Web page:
Bamako (AFP) - Separatist militants shot dead a Malian soldier as violent anti-government protests erupted ahead of Prime Minister Moussa Mara's visit to the rebel-controlled northern city of Kidal on Saturday.
The trip, part of Mara's first tour of the west African nation's restive northern desert since his appointment in April, was delayed as shots rang out, felling the trooper near the regional governor's office.
The premier was due to meet Malian troops but his arrival was delayed by several hours as he was diverted to Gao after news emerged of the shooting and also of violent protests and the regional airport.
He was finally able to touch down by helicopter at a UN barracks, where a member of his entourage told AFP by telephone that gunfire was still audible.
"Mr Mara left the UN military camp in Kidal to get to the Malian army camp. While there, he paid his respects to the body of a Malian soldier who died as a result of wounds sustained in clashes with Tuareg rebels in Kidal," the source told AFP.
A Malian army source confirmed the shootout, saying the soldier died of bullet wounds, and a source in the governor's office described it as "an act of sabotage of the prime minister's visit".
Kidal, 1,500 kilometres (900 miles) northeast of the capital Bamako, was the scene of anti-government protests by several hundred youths and women on Friday who demonstrated at the regional airport against the visit.
- 'Kidal part of Mali' -
Mara's predecessor Oumar Tatam Ly was forced to cancel a trip in November to Kidal -- the stronghold of Mali's Tuareg separatist movement -- after protesters occupied a runway at the airport.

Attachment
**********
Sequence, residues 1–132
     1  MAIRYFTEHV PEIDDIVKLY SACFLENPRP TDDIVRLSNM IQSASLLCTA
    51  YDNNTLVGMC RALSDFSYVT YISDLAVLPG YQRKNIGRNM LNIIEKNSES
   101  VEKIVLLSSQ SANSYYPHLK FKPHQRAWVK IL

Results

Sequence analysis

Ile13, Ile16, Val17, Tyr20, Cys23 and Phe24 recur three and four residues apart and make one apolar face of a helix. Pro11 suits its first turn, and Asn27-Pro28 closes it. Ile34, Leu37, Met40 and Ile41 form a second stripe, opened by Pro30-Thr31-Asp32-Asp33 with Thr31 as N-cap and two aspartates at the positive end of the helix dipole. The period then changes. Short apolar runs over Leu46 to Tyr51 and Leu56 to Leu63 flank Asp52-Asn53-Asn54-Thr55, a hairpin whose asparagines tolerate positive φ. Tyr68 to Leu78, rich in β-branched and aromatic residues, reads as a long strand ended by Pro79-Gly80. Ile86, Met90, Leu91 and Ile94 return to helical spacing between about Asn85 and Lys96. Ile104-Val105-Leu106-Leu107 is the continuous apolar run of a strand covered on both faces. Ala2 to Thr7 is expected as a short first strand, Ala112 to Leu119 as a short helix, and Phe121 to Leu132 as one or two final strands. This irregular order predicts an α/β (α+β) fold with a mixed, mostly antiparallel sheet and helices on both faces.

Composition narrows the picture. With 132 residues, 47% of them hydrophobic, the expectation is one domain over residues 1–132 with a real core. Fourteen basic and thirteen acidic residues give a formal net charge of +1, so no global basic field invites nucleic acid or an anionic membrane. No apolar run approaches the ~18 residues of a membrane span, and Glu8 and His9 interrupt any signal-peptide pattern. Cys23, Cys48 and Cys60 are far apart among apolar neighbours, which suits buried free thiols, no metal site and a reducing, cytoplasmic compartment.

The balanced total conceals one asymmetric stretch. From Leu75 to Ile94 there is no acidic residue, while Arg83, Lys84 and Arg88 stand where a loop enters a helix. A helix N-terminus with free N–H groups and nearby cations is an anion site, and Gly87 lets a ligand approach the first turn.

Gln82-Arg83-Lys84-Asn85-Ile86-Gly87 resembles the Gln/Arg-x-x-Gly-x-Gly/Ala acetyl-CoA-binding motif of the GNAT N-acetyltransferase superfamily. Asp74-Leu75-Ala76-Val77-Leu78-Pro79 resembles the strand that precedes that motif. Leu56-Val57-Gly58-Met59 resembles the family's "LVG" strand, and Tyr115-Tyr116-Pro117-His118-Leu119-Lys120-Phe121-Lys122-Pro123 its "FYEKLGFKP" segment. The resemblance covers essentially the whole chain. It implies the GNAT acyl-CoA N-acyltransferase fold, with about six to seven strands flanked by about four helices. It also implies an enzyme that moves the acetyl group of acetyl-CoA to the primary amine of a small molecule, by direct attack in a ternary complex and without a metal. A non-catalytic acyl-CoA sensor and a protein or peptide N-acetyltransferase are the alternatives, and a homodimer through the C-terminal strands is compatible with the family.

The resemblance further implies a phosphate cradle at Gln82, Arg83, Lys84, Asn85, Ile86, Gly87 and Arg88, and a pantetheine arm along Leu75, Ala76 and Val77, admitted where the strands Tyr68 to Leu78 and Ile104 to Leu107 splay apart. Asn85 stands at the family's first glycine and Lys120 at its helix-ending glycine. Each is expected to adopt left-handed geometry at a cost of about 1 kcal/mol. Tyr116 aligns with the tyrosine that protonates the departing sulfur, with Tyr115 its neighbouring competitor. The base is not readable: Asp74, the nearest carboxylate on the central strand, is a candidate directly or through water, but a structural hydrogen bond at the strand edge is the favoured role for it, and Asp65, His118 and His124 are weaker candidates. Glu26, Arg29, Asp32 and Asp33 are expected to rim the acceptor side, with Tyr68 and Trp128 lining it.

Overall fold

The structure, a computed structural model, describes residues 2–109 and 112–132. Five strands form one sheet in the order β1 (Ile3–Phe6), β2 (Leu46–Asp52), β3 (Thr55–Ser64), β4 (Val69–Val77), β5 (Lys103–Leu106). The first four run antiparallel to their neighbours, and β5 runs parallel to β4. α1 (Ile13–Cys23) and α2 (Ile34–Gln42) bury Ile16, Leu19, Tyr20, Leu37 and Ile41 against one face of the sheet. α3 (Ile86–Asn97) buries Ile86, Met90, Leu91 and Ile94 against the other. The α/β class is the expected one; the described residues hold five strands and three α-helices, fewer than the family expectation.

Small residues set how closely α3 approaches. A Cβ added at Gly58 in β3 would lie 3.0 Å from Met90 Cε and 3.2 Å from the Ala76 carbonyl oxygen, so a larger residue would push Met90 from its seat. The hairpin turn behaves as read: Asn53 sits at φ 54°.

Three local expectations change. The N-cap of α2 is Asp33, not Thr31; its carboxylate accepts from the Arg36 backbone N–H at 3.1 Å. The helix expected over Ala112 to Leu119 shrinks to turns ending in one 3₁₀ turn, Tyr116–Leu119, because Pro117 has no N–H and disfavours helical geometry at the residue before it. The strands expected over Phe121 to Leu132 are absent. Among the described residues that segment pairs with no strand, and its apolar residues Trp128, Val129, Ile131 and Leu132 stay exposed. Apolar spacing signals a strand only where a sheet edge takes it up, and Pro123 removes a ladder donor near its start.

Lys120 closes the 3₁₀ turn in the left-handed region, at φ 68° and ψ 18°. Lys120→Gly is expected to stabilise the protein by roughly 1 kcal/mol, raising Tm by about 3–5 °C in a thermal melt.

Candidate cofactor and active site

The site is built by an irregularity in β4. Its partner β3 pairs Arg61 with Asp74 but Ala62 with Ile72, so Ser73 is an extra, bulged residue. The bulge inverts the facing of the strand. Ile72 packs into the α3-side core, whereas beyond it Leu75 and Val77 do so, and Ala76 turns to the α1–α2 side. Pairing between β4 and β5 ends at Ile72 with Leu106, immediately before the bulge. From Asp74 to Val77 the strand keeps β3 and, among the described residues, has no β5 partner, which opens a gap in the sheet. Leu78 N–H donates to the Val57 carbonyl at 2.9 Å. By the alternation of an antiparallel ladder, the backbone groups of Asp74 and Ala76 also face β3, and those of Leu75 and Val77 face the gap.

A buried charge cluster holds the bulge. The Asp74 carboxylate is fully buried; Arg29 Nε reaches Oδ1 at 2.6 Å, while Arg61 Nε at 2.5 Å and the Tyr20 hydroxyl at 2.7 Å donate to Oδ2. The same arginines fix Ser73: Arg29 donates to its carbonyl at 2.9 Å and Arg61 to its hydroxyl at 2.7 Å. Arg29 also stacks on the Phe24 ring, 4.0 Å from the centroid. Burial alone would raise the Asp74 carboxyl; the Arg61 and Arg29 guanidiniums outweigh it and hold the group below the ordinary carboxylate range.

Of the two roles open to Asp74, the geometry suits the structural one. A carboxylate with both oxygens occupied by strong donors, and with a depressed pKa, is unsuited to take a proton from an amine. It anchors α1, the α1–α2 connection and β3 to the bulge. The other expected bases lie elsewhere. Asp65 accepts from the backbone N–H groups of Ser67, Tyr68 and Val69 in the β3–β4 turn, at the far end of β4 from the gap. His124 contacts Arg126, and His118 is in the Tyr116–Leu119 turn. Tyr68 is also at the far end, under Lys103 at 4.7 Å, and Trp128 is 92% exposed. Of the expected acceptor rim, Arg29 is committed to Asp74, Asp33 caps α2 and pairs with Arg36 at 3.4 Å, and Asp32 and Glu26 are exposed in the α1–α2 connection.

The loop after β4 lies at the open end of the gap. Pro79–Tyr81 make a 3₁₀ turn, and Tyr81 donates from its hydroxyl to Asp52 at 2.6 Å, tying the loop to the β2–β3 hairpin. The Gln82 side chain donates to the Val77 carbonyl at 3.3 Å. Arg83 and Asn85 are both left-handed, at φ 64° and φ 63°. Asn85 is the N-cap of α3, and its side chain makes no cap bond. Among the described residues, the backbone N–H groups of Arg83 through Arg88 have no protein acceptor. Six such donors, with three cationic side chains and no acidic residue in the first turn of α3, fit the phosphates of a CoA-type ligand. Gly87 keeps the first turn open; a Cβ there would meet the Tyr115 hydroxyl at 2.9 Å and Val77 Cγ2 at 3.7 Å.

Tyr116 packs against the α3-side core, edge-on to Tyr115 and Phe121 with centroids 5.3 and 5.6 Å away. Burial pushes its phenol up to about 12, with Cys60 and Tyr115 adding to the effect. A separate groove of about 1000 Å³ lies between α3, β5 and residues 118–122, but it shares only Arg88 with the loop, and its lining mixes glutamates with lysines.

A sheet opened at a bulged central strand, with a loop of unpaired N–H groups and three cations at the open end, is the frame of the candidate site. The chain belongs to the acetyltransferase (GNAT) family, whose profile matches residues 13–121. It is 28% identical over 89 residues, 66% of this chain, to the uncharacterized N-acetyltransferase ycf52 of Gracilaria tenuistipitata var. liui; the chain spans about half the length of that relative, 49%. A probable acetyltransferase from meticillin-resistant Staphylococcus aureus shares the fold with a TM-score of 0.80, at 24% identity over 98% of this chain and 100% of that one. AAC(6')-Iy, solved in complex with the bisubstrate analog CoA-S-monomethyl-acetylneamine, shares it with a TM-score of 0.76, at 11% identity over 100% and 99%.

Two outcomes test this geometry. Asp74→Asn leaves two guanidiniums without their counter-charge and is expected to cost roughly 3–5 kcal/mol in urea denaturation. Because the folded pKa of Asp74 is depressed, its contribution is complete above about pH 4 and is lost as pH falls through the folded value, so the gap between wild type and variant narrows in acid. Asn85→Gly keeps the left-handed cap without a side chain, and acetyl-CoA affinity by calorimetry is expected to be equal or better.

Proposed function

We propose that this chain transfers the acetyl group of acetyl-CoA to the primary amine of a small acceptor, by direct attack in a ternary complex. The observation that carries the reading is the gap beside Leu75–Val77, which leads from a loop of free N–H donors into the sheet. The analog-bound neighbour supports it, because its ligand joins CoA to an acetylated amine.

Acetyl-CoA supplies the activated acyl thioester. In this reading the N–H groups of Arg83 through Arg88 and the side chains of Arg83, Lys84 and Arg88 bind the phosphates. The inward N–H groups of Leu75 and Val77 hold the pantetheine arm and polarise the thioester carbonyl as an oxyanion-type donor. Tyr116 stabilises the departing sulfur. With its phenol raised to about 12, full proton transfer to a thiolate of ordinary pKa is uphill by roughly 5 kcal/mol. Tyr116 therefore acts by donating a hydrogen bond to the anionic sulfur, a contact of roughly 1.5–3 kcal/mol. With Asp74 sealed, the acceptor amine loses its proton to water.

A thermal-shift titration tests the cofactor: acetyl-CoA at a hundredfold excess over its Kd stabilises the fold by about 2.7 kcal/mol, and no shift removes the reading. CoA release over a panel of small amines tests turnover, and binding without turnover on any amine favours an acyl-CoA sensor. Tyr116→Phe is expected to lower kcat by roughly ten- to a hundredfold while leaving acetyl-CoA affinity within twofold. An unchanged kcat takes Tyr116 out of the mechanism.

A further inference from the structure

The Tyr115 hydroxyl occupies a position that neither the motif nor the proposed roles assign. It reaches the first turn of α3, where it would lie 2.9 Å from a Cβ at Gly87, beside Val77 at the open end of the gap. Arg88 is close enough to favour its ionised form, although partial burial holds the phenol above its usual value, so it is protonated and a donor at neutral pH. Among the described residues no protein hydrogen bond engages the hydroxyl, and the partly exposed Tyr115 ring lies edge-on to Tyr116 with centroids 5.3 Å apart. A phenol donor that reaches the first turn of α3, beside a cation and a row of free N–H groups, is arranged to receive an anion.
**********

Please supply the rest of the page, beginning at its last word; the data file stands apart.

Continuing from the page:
Residents told AFP that at least 100 locals had planned to head back to the airport on Saturday to prevent Mara's arrival, unaware that he would be transported to a separate location by helicopter.
"MINUSMA strongly condemns these acts of violence which have continued since yesterday morning in the city of Kidal," the UN force said in a statement.
"Such developments are counterproductive and contrary to the will of the people of Mali, who aspire to peace and lasting stability."
The force said 19 of its police and seven protesters had been wounded in clashes since the demonstrations began, though none seriously.
Mara's tour of the north started on Friday in the desert caravan town of Timbuktu, and he was due to move from Kidal to Gao on Sunday and Monday, although it was not immediately clear whether the itinerary would now change.
"I came to bring the clear message of the president of the republic that Kidal is part of Mali. We are for peace with all our brothers but there will not be two Malis," Mara said in a speech before reporters in Kidal.
"I also pay my respects to the memory of the Malian soldier who lost his life here this morning because he was defending the Malian flag in Kidal."
- Islamist extremists -
After a nine-month occupation, the National Movement for the Liberation of Azawad (MNLA) evacuated the governor's offices and state TV and radio station in Kidal in November last year.
The move was in line with the terms of a June peace deal for the troubled nation, whose central government is struggling to restore control after a crisis that split the country in two.
The accord opened the way for presidential elections to be held in Kidal along with the rest of Mali last year.
But the process deeply divided the MNLA, whose ultimate goal is the independence of Azawad, the minority Tuareg name for their homeland in northern Mali.
Up until the agreement, the MNLA had refused to allow any government soldiers or civil servants into the desert town.
The election -- won by Ibrahim Boubacar Keita, who was sworn in as president in September 2013 -- was seen as a key step to restoring stability in Mali.
The country descended into crisis in January 2012, when the MNLA launched the latest in a string of Tuareg insurgencies in the north.
A subsequent coup in Bamako led to chaos, and armed Islamist radicals linked to Al-Qaeda overpowered the Tuareg to seize control of Mali's northern half.
A French-led military operation launched in January 2013 ousted the extremists, but sporadic attacks have continued, and the Tuareg demand for autonomy has not been resolved.